As pointed out in the previous answers, it seems quite clear that plus...operae is an argument of the verb poneremus. I found that some philologists corrected the text as follows: in agendo plus quam in scribendo operam poneremus (e.g. see here), which led me to misinterpret the syntax of this example (see the relevant comment by cnread, who alerted me of that confusion).
Let me address the second part of Joonas's answer/comment, which is more directly related to d/e's question, i.e. to the interesting title of his/her question: “gerund + genitive” vs. “gerund+accusative”. This is indeed a very intriguing issue of Latin syntax. Although the following examples are rare, they do indeed exist (typically, in Early Latin but even in Classical Latin as well: see Cicero's example below):
Lucis das tuendi copiam 'You give me the privilege of seeing the light.' (Plaut. Capt. 1008)
Nominandi istorum tibi erit magis quam edundi copia 'You will have the privilege of naming those things rather than of eating them.' (Plaut. Capt. 852)
Facultas agrorum suis latronibus condonandi 'the opportunity of bestowing lands on his fellows-bandits.' (Cic. Phil. 5. 6)
The genitive gerund of (some of) these examples has been analyzed as "epexegetic(al)", i.e., as "giving further precision to the expression -'opportunity of light, that is of seeing it'" (Palmer (1954/1988: 321-222); cf. also Woodcock (1959: 162-163), i.a.). Personally, I'm not fully convinced by this analysis since I'm afraid that it cannot be applied to all the examples that show this (rare) pattern. It seems more natural to me to analyze these genitive gerunds as having nominal behavior, this fact triggering the genitive case of their object. The double possibility (genitive vs. accusative object) shown in this contrast (e.g., cf. the infrequent constructional pattern facultas agrorum condonandi with the more frequent one facultas agros condonandi) reminds me a bit of the following one in English, where the object of the -ing nominalization can also be prepositional/genitive or not/accusative: e.g., cf. "John's destroying of the city was horrible" vs. "John's destroying the city would result in..." (e.g. see here and here). Clearly, this parallelism is only approximate since in Latin the construction facultas agros condonandi is by far more frequent than the attested example above from Cicero facultas agrorum condonandi (as is well-known, this gerund construction can in turn be compared with the very frequent gerundive construction facultas agrorum condonandorum; for related discussion, please see my answer of this question).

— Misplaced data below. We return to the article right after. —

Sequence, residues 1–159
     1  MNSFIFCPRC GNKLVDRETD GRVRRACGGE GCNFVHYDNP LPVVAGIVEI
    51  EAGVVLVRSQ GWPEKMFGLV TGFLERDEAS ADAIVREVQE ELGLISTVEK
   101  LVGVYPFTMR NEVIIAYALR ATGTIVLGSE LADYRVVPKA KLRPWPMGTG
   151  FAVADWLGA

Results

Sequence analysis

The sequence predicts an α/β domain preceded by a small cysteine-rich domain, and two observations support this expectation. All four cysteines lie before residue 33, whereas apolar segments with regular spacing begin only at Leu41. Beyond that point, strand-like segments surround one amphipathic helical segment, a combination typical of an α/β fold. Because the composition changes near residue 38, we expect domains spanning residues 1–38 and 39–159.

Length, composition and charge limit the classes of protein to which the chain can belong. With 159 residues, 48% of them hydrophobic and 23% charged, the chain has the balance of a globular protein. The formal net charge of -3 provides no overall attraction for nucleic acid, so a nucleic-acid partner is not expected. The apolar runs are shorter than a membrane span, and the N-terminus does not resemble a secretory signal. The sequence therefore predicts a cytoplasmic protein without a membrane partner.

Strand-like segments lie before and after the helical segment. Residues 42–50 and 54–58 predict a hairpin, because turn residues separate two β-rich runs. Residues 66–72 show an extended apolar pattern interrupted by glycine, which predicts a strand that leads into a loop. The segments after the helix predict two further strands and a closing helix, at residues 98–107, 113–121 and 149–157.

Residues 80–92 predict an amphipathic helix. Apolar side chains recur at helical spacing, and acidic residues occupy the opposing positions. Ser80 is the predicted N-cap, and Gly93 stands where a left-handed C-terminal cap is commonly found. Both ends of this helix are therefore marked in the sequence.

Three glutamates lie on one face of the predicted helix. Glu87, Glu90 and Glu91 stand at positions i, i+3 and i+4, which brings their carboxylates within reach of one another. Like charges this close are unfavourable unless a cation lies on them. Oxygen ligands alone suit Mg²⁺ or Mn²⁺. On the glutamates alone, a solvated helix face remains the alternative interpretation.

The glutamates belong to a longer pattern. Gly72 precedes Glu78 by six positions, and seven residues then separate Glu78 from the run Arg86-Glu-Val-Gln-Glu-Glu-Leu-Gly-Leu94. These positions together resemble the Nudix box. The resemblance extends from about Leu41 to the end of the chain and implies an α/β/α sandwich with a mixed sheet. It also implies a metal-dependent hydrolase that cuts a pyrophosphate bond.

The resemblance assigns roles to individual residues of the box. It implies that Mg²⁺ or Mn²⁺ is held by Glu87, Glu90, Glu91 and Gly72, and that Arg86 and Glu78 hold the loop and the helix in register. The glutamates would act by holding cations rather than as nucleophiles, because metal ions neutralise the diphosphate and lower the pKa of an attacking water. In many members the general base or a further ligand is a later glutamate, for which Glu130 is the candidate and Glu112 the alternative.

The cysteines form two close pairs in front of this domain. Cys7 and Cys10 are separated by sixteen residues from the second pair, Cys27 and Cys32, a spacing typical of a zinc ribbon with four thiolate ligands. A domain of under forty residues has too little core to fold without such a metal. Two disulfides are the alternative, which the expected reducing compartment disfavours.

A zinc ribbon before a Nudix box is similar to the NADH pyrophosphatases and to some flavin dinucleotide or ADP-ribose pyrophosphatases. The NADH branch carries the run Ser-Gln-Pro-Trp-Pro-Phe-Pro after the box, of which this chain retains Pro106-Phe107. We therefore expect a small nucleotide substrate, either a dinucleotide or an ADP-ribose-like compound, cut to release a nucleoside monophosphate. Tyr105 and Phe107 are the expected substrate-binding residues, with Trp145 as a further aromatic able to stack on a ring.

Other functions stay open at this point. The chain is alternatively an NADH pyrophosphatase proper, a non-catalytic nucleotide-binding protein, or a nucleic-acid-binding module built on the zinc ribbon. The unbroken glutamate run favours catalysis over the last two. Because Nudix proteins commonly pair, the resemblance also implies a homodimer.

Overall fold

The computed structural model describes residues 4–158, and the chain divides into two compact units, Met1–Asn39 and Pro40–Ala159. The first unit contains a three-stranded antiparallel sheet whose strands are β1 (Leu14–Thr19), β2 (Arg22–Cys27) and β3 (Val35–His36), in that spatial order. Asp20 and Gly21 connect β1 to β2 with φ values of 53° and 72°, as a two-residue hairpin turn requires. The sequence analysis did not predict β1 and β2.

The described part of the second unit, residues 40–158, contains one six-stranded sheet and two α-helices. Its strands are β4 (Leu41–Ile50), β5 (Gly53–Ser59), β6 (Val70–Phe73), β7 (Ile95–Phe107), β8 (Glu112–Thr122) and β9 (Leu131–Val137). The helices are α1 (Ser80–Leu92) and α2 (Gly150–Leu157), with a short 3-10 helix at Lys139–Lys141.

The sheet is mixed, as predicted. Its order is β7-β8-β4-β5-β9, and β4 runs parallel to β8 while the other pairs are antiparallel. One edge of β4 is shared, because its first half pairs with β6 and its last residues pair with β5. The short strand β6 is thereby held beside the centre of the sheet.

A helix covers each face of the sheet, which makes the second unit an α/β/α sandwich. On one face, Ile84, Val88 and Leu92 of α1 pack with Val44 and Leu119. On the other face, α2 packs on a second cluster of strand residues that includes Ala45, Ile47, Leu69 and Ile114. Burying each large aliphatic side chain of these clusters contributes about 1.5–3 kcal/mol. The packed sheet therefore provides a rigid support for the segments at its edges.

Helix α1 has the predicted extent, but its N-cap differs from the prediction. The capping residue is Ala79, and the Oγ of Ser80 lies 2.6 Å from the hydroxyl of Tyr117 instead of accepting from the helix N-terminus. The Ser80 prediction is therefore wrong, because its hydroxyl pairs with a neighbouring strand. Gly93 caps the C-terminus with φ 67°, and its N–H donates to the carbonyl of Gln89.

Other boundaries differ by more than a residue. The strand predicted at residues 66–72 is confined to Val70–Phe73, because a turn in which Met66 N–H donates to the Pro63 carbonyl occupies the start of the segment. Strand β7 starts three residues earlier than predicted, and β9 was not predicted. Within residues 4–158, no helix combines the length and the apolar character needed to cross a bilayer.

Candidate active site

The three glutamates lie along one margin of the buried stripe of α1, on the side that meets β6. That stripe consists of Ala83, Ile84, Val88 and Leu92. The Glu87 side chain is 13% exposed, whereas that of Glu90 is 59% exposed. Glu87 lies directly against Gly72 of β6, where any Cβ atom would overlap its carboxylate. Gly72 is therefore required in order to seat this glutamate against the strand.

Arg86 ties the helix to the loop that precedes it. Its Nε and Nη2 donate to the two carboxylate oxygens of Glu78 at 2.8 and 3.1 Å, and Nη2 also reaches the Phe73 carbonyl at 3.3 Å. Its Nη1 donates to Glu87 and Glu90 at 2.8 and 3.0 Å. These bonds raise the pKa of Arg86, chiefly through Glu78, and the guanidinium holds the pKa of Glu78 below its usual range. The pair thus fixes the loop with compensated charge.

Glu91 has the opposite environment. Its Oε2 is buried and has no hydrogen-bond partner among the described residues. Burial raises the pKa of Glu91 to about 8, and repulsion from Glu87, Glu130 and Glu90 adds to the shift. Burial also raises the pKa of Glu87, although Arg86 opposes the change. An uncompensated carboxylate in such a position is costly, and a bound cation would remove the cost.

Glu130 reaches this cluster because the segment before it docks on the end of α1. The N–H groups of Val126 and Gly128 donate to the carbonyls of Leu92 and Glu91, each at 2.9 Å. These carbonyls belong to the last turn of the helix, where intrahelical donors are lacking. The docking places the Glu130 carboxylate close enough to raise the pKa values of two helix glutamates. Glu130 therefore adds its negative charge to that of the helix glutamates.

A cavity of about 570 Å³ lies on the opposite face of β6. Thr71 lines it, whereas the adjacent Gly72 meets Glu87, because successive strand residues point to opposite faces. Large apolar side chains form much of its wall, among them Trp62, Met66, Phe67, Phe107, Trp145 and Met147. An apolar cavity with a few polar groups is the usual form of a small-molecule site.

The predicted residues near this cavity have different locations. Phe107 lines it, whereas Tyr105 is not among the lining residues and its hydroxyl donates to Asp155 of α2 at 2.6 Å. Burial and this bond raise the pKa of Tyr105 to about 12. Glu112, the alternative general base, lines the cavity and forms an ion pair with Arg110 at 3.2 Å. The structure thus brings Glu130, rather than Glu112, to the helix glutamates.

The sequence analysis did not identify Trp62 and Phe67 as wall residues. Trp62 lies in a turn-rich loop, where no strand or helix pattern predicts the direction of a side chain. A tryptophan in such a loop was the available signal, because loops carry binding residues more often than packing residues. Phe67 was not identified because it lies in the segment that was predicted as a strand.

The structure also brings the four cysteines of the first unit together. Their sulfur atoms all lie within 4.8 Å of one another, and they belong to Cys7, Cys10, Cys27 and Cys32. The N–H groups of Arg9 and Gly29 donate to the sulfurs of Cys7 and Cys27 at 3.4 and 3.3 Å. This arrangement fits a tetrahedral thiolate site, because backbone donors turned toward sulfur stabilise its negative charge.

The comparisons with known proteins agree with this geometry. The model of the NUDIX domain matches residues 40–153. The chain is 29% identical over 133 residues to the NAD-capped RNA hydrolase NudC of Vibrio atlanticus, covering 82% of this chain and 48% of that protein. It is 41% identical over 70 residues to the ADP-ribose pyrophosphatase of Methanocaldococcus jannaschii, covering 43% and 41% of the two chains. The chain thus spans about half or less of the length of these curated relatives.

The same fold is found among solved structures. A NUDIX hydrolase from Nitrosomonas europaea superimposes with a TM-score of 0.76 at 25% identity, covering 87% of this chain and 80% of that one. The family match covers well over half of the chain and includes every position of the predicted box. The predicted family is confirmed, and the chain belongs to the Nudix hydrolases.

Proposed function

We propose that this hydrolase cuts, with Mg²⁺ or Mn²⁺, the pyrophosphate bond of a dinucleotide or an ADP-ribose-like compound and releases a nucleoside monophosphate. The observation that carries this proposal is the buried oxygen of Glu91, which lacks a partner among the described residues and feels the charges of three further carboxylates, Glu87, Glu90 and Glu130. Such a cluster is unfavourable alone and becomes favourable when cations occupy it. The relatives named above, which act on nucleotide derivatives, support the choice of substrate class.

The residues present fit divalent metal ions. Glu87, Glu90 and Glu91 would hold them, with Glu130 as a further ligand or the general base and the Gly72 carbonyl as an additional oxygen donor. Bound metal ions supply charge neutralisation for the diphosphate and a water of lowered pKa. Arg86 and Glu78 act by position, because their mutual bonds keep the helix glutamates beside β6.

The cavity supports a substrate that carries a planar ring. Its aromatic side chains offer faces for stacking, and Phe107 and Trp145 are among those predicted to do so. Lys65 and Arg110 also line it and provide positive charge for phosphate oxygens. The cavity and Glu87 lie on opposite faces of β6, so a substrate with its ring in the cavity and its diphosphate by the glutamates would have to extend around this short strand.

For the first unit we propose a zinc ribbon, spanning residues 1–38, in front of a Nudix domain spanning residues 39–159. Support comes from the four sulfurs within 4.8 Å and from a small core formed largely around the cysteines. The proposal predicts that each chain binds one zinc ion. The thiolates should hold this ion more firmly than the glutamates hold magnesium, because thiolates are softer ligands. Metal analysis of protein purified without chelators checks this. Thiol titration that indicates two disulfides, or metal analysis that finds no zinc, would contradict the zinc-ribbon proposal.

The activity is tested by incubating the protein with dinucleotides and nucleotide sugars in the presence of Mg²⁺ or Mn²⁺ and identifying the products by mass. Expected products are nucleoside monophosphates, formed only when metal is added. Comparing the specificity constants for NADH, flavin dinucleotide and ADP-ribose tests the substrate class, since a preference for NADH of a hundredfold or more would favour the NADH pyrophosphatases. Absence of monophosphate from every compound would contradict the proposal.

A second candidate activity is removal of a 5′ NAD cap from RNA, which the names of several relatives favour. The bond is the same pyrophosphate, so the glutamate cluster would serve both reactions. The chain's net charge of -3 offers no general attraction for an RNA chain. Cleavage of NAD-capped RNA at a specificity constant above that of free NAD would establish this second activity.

As for d_e's/Joonas's example ((in) scribendo epistularum), this specific constructional pattern does not seem to be attested. In contrast, as noted above, an example like facultas scribendi epistularum could exist. This example seems to involve a sort of blend of two possible "input" constructions: the gerund one (facultas scribendi epistulas) and the gerundive one (facultas scribendarum epistularum). If this proposal holds water, one could try to apply the cognitive linguistic notion of "input space" (see here) in order to account for the creation of (some of) these "blended" examples. Cf also the interesting example from Plautus: tui (feminine!) videndi copiast (Pl. Truc. 370).